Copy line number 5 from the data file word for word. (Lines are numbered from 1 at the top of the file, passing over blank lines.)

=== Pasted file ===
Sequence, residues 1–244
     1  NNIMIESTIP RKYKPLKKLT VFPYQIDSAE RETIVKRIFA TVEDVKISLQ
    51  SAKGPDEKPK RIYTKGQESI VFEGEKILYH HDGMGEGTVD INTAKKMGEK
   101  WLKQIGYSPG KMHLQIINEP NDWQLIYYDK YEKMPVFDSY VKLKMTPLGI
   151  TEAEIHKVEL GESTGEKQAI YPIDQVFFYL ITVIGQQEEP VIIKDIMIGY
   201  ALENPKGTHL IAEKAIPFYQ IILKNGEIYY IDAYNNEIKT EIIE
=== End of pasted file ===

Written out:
   151  TEAEIHKVEL GESTGEKQAI YPIDQVFFYL ITVIGQQEEP VIIKDIMIGY